Consumption of low-carbohydrate diets may be unsafe, as this may increase the risk of premature death, a new study has found.
The study, presented at ESC Congress 2018, found that the risks, among the participants in the study, were also increased for individual causes of death, including coronary heart disease, strokes and cancer.
"Our study highlights an unfavorable relationship between low-carbohydrate diets and total and cause-specific mortality, based on individual data and pooled results from previous studies.The findings suggest that low-carbohydrate diets are unsafe and should not be recommended," said co-author Maciej Banach , professor at the Medical University of Lodz in Poland.
According to the researchers, several diets have been proposed for weight loss, such as diets with low carbohydrates and high protein and fat. But the long-term safety of these diets is controversial.
"Low-carb diets may be useful in the short term to lose weight, lower blood pressure and improve blood sugar levels, but our study suggests that they are associated with an increased risk of death in the long term due to any cause, and deaths from cardiovascular disease, cerebrovascular disease and cancer, "said Banach.
For the study, the team investigated the relationship between low-carbohydrate diets, death from all causes and deaths from coronary heart disease, cerebrovascular disease (including stroke) and cancer among 24,825 participants.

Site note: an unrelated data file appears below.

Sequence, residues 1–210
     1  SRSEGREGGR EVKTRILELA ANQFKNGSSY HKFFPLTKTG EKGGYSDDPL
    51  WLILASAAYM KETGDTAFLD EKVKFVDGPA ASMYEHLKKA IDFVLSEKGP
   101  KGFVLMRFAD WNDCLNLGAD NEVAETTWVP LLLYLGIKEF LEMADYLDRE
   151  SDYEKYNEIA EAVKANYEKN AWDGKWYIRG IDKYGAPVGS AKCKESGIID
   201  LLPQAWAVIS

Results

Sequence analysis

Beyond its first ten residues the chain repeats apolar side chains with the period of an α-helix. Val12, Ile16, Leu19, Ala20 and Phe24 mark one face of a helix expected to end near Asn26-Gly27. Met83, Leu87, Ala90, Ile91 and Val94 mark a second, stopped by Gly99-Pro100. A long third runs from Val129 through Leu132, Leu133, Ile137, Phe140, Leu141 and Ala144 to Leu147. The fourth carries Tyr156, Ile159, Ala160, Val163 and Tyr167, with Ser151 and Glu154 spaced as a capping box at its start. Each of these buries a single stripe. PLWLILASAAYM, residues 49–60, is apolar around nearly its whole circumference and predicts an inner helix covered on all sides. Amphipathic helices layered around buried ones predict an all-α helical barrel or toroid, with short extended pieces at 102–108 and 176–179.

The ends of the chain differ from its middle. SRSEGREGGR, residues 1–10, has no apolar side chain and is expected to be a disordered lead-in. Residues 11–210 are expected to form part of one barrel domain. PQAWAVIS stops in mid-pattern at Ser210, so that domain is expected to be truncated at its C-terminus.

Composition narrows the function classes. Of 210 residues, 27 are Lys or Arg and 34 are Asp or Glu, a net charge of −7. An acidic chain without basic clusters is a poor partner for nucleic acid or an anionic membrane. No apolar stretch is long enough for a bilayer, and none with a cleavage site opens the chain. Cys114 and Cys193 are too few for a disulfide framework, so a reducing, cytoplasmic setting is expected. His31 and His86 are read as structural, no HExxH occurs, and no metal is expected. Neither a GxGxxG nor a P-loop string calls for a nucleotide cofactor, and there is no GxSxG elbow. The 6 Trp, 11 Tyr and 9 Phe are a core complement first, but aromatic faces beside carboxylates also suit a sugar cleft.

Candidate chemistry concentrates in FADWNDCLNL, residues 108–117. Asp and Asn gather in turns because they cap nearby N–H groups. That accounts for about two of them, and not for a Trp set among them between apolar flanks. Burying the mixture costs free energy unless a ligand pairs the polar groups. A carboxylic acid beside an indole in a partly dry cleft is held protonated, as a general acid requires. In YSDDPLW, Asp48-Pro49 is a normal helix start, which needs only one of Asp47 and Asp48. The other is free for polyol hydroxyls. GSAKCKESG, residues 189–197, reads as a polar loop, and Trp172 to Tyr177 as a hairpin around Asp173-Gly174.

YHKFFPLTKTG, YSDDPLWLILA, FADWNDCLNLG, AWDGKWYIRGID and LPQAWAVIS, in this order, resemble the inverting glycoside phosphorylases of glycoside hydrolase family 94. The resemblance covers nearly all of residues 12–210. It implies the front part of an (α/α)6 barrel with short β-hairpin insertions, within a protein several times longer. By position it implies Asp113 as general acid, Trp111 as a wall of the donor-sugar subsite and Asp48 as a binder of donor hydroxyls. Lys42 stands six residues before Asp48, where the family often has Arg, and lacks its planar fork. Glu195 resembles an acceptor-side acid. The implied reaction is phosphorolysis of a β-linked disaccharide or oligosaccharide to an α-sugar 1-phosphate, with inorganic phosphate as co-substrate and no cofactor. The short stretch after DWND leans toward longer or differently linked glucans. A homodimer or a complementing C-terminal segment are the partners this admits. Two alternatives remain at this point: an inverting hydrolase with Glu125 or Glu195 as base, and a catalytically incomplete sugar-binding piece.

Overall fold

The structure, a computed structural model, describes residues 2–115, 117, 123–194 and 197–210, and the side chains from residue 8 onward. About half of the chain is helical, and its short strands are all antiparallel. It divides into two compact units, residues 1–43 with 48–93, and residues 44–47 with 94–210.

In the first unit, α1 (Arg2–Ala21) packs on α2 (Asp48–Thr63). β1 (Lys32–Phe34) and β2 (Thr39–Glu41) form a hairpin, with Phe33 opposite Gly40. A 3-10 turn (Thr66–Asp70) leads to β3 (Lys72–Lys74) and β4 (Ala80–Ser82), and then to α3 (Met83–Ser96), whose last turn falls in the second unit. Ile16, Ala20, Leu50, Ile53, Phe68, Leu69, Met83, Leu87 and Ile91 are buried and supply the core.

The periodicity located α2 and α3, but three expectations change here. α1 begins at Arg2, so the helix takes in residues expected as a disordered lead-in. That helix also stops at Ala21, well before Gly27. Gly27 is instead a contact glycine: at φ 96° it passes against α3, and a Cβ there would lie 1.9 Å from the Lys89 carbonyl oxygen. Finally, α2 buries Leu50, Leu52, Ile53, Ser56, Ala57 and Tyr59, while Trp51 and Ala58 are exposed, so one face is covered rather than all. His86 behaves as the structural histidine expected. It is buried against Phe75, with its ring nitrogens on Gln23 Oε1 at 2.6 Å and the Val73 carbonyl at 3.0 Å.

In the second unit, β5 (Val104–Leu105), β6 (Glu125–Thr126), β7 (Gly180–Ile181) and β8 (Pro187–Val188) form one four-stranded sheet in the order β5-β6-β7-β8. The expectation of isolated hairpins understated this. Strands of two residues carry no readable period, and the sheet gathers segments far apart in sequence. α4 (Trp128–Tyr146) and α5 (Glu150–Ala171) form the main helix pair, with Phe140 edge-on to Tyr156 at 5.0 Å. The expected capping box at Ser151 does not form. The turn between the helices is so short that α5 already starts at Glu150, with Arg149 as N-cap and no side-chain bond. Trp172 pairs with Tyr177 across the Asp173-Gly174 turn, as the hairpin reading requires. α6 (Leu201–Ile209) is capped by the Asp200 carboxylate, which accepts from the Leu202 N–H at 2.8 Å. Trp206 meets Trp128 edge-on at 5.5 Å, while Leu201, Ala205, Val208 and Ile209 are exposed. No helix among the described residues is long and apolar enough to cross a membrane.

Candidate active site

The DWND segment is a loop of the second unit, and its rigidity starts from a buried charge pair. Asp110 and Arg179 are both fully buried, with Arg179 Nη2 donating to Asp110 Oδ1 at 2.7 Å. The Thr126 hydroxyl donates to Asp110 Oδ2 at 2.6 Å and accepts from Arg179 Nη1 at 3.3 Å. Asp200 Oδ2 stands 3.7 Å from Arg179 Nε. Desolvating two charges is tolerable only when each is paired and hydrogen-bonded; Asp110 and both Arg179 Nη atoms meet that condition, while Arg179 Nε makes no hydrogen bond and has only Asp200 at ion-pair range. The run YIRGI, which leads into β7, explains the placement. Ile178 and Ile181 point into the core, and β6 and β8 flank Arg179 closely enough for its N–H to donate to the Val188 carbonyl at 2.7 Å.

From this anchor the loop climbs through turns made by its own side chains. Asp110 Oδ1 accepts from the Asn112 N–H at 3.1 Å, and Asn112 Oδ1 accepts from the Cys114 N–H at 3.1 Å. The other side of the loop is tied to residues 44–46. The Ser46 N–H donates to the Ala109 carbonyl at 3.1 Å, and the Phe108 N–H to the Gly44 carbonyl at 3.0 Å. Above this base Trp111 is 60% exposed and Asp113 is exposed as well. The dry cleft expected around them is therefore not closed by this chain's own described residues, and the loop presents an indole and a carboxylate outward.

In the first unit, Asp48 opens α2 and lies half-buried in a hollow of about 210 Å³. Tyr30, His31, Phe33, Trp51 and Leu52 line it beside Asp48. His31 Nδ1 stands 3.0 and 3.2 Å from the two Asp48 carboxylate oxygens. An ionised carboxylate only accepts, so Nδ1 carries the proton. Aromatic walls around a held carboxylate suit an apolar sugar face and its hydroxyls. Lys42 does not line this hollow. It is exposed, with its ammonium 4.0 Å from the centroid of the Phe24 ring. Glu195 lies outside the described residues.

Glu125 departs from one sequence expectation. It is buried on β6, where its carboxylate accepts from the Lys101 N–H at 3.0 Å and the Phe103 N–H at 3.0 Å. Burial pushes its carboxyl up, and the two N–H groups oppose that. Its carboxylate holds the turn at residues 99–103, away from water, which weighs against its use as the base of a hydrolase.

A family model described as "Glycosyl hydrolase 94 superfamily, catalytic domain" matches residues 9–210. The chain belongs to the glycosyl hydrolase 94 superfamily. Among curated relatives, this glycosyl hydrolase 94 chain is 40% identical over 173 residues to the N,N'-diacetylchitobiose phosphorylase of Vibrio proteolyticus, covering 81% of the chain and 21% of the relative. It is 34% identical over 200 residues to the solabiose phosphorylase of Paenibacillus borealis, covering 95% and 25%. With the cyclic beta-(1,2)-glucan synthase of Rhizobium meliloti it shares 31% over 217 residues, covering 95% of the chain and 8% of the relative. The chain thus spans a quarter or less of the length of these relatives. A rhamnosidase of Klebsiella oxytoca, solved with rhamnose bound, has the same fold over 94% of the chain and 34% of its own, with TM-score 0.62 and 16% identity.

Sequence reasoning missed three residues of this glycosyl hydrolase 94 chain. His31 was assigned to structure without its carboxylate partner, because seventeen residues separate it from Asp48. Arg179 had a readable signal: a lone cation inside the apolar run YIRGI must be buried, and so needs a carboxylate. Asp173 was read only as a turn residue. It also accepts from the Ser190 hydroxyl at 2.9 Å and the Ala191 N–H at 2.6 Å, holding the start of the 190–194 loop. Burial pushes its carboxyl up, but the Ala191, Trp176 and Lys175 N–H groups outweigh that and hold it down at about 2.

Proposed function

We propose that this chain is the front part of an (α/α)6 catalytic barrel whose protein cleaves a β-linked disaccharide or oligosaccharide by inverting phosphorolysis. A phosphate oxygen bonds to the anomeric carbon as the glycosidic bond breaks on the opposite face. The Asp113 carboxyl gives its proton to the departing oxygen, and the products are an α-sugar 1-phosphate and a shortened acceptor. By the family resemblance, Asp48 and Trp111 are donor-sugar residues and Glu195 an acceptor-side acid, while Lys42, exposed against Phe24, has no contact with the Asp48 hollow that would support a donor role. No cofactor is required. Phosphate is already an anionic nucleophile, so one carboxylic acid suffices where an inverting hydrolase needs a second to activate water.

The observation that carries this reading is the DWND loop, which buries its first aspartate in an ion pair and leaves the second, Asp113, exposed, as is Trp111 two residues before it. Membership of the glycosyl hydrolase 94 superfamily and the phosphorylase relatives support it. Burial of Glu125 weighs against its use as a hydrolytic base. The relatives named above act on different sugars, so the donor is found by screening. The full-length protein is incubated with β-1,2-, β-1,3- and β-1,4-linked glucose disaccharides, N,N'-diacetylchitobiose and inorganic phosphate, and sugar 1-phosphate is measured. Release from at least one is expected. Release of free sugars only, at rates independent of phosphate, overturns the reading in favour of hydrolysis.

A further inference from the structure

Compared to participants with the highest carbohydrate consumption, those with the lowest intake had a 32 percent higher risk of death from all causes than an average of 6.4 years of follow-up, the team said.
In addition, the risks of death from coronary heart disease, cerebrovascular disease and cancer increased by 51 percent, 50 percent and 35 percent, respectively, she added.
The results were confirmed in a meta-analysis of seven prospective cohort studies with 447,506 participants and a mean follow-up of 15.6 years, representing 15 percent, 13 percent and 8 percent increased risk in total, cardiovascular and cancer deaths with low (compared to high) carbohydrate feeds.
"The reduced intake of fiber and fruit and an increased intake of animal proteins, cholesterol and saturated fat with this diet can play a role, and differences in minerals, vitamins and phytochemicals can occur," Banach noted.
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